Saturday, October 24, 2009

Oaxacan Wood Carvings by Ivan Fuentes

I purchased two wood carvings while in Sante Fe, NM. I have to admit that I really knew nothing of the history behind this folk art until researching the artist after I was home in front of my computer. All I knew at the time, was that the hand painted figures were enchanting. They have a quality and spirit that bring ancient tales to mind. I can just imagine this coyote sweet talking another creature into some tricky mischief.

This beautifully painted coyote and the fantastic lizard further down in this post, were both carved by Ivan Fuentes of San Martin Tilcajete a city 23 Kilometers south of Oaxaca (pronounced wah - HAW - kah). Ivan and his family have become widely known for their artistry with it's rich history. Ivan Fuentes was taught the art by his father Epifanio Fuentes who is the most famous carver in San Martin Tilcajete. Two other brothers, Zeny and Efrain are also fine carvers. The women in the family tend to do most of the painting, although Zeny prefers to paint his own work. Imagine my surprise when I discovered that Zeny even has an Etsy store!

"In the 1930's families carved toys for their children and masks for religious festivals and carnivals. Copal wood is primarily used for these carvings. This tree is indigenous only to Oaxaca. Cedar and zompantle are also used for carvings. Acrylic paints are used to finish the incredible pieces. It wasn't until the 1980's that the demand for Oaxacan carvings became popular. In 1992 the Smithsonian featured well known Oaxacan carvers. American Folk Art dealers flocked to Oaxaca to begin their collections of these unique works of art. Painted woodcarving is a major art form and source of income in three pueblos near Oaxaca City. The Fuentes family resides in the carving pueblo of San Martin Tilcajete."(1)

"In the early morning hours the copal usually arrives by way of a heavily burdened burro. The woodcarvers prize this particular type of wood for it's pliability and gnarled form. Similar to jade tree in appearance, copal wood sands to a smooth porcelain finish. Fresh pieces have an aromatic smell...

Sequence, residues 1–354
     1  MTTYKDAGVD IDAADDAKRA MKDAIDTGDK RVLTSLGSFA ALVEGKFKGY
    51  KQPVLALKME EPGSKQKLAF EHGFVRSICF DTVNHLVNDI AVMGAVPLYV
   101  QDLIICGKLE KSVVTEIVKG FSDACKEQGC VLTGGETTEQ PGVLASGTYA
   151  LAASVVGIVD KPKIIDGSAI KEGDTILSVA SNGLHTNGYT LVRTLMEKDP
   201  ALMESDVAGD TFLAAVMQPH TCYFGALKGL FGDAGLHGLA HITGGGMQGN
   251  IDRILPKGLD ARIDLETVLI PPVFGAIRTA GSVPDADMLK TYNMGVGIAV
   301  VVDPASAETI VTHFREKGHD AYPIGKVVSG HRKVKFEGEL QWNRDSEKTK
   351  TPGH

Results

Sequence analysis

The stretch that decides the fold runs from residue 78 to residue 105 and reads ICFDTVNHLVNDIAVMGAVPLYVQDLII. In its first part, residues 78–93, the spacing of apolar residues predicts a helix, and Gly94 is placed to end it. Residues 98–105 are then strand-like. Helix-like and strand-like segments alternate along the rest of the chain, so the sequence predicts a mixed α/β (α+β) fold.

Different parts of the branches make for different animals in the eyes of the artist. A fat knob may be used to make a turtle while a wispy branch transforms into a lizard. The endless tangled maze of branches are a constant form of invention and inspiration, nothing is ever wasted.

The artist spends a great deal of their time chiseling the form when the wood is wet. Working from large machetes on down to small kitchen knives the animalito methodically takes it's delicate shape. Equally important is the sanding. It is here the master artist can bring out the personality and the character of their creation.

As the wood continues to dry, cracks are sanded out and sealed. Arms and appendages are carefully nailed on unless it is a single piece carving. Single piece carvings are usually smaller and more "organic" in appearance. Some of the choicest master works actually fit in the palm of your hand and are carved from a single piece of wood."

This is one of those cases where I really had no idea what treasures I had found. I do tend to buy art simply based on what speaks to me. These pieces have become even more precious now that I have educated myself as to their history. One of the things I love about collecting art is how much I learn in the process. I have always believed in the healing power of art. I have sticker on my Portable Wind Rose that says Art Heals. I should have another one that says Art Teaches!



Waterrose said...

I love this artwork. Hubby got me a beautiful peacock for my b'day last year. It's posted way back on my blog it you want to see it. Fantastic work!

Jenn said...

Oh I bet a peacock would be amazing! I will definitely check it out!